The UP970 also handles regular Full HD Blu-rays and streaming very well, with SDR images that are accurate and convincing, retaining natural colours and plenty of dynamic range. The upscaling also ensures the image is clean and free from any unwanted processing, making a movie such as Rogue One look so good that you’d swear it’s 4K.
This effective upscaling extends to standard-definition DVDs and streaming, although the image is never going to look as good as Full HD and 4K, especially on a larger screen size.
We find it hard to watch standard-definition content these days, regardless of the source, but if you need to then the UP970 can at least upscale it effectively. The LG also did a decent job of converting HDR to SDR, although there are better choices if your TV doesn’t support HDR.
The UP970 is essentially a digital transport, in the sense that it has no analogue outputs. That means there are no DACs, just a digital signal being delivered either via HDMI or the coaxial digital output.
Whichever you choose, the player is highly competent – although you’ll need to use HDMI if you wish to benefit from lossless audio and immersive Dolby Atmos or DTS:X soundtracks.
It’s fair to say that LG didn’t design the UP970 to be an audiophile disc player, but it’s certainly capable of delivering a decent audio experience from two-channel music and multichannel soundtracks.
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Why buy the LG UP970?
The LG UP970 offers excellent value for anyone wanting a decent Ultra HD Blu-ray player that also supports Dolby Vision. In fact, the LG is the cheapest way of playing Dolby Vision discs, although it might not be ideal if you own a Dolby Vision-capable Sony TV.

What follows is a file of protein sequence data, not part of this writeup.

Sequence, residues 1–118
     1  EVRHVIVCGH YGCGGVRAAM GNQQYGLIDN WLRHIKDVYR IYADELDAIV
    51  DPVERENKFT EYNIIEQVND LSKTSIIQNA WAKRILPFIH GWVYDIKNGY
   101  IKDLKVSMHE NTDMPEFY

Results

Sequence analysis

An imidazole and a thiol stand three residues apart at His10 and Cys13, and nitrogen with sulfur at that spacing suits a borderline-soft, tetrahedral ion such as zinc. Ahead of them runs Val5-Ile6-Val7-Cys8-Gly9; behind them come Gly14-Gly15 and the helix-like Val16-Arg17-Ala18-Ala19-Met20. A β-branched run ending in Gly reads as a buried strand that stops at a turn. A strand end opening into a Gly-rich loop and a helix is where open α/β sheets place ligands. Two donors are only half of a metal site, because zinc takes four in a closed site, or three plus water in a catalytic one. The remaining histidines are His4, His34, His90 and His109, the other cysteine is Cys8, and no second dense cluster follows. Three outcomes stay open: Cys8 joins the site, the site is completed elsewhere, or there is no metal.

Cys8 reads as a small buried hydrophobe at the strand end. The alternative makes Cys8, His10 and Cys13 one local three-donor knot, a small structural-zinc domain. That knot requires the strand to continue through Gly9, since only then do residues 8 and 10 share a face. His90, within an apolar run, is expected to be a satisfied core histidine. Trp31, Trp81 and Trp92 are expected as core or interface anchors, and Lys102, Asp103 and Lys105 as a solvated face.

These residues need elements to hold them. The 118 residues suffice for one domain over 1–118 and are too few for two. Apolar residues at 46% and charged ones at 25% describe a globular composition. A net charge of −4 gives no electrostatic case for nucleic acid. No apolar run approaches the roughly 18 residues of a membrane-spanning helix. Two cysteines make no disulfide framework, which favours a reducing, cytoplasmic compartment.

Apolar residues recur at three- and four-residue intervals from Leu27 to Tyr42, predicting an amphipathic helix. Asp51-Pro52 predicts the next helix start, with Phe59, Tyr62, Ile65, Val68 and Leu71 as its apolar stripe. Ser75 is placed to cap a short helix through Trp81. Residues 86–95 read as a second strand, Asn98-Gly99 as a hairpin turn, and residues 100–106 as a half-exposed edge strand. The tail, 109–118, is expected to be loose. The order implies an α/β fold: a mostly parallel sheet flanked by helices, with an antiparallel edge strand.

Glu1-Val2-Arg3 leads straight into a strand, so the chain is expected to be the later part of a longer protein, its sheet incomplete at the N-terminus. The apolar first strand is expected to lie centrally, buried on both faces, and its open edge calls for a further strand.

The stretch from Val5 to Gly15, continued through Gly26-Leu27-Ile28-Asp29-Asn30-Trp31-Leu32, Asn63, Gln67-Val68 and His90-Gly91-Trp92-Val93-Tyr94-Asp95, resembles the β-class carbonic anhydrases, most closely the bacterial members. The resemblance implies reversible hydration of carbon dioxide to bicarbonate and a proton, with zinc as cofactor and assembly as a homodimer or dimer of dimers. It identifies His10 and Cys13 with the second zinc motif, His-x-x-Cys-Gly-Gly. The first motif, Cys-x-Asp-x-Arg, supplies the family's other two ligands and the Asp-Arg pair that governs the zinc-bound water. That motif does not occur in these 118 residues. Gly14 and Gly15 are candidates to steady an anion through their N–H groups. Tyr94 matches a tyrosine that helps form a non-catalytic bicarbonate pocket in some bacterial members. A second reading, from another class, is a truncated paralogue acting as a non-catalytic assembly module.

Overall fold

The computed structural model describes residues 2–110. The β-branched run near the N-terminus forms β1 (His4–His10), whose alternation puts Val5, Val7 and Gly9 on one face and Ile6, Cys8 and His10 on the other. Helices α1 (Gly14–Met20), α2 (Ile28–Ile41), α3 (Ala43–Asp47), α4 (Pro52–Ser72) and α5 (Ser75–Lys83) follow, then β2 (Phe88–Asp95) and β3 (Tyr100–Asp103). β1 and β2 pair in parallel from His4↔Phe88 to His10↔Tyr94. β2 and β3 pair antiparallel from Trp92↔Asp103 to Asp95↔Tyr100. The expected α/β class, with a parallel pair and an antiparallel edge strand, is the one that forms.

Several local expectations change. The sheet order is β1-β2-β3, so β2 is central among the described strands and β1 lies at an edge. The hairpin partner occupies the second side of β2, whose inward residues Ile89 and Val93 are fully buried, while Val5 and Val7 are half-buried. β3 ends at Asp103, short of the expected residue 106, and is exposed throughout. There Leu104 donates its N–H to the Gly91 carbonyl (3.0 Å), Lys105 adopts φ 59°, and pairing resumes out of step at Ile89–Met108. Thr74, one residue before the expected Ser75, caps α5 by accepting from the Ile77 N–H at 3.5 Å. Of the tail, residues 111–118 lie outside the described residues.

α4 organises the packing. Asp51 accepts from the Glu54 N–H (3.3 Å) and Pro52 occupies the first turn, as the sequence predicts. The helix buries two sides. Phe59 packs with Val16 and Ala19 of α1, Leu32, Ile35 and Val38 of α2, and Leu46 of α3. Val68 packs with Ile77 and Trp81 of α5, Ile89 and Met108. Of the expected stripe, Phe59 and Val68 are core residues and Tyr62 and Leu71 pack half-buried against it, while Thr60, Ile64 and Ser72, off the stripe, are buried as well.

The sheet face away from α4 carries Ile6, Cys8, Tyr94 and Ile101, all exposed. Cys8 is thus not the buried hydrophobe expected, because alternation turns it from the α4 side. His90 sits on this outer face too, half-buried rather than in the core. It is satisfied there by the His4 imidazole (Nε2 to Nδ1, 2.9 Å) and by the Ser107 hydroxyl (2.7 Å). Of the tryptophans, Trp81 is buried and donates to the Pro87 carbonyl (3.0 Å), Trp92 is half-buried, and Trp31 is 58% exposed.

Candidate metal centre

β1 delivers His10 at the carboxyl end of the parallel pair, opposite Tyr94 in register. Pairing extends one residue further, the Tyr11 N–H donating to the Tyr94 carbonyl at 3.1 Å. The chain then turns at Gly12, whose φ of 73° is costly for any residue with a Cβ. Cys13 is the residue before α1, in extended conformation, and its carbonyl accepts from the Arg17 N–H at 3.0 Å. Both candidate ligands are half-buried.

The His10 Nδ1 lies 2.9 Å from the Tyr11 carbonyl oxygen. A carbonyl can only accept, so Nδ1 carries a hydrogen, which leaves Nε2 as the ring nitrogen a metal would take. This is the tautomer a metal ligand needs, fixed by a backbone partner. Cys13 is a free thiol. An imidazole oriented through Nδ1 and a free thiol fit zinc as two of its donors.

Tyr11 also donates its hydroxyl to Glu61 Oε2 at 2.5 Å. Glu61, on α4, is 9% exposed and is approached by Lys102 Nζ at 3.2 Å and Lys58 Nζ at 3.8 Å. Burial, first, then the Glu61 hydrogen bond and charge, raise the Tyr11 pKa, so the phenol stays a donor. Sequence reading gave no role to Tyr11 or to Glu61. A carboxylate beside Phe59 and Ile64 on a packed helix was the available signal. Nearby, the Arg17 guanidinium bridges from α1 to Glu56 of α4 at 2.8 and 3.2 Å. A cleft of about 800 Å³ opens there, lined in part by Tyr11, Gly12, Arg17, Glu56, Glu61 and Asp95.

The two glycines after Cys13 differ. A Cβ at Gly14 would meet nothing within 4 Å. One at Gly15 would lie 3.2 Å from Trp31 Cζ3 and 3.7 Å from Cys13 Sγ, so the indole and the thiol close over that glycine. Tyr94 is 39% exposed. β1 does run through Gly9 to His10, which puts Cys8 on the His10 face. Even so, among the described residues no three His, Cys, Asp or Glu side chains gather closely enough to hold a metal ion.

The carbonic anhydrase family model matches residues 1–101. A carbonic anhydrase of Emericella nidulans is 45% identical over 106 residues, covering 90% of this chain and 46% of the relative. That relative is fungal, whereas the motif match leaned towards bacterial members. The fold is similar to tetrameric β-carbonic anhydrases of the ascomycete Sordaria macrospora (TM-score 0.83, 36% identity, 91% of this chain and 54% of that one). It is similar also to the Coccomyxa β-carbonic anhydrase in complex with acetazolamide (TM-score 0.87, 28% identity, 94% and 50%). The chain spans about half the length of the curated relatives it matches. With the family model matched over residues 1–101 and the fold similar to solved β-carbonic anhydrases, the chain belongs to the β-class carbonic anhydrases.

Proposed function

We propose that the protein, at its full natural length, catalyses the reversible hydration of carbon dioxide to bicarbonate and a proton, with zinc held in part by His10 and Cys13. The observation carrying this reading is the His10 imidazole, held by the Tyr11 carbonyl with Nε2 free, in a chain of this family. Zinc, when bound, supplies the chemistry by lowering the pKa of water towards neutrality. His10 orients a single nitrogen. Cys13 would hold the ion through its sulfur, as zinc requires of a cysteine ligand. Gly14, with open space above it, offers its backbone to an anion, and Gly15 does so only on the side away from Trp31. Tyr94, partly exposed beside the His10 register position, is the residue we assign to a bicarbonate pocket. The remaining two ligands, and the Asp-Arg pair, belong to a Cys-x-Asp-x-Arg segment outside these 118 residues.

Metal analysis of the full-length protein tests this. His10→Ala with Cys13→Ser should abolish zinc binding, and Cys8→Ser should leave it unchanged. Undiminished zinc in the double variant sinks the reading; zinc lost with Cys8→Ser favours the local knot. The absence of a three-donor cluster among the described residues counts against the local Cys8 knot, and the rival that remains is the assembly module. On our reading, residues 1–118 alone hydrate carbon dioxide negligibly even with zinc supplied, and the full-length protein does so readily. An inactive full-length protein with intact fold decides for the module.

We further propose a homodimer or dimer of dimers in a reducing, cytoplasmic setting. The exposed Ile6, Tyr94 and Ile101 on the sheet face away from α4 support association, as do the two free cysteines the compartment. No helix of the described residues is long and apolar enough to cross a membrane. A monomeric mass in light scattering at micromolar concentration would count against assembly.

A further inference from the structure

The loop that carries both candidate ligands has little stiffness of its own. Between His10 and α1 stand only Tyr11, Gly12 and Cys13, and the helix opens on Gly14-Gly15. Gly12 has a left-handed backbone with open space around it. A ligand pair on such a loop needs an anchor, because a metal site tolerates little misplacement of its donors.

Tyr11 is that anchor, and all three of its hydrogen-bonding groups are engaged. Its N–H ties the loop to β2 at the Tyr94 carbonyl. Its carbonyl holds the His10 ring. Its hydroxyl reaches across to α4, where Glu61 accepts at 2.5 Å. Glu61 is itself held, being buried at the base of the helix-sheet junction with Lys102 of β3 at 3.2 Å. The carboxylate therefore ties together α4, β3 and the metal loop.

The real downside to the UP970 is that, aside from disc playback, it’s fairly limited in terms of features, with only two video-streaming apps and no way to add others. It does at least have fairly comprehensive file support over USB, but the lack of DNLA support is frustrating.
LG does make two other 4K players in the shape of the UBK80 and UBK90. However, since both are more expensive at £178 and £249 respectively, and neither appears to offer any benefits over the UP970, we really can’t see any reason to buy them.
In fact, the best alternative, especially if you already own a Sony Dolby Vision TV, is the Sony UBP-X700, which you can pick up for just under £200. It isn’t the best-made or flashiest of players, but it does support Dolby Vision and also adds SACD playback, while its user platform offers more streaming apps.
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The LG UP970 is a decent player that, while somewhat limited on the feature front, delivers an excellent playback performance at a cracking price. It’s also by far the cheapest way of getting Dolby Vision support.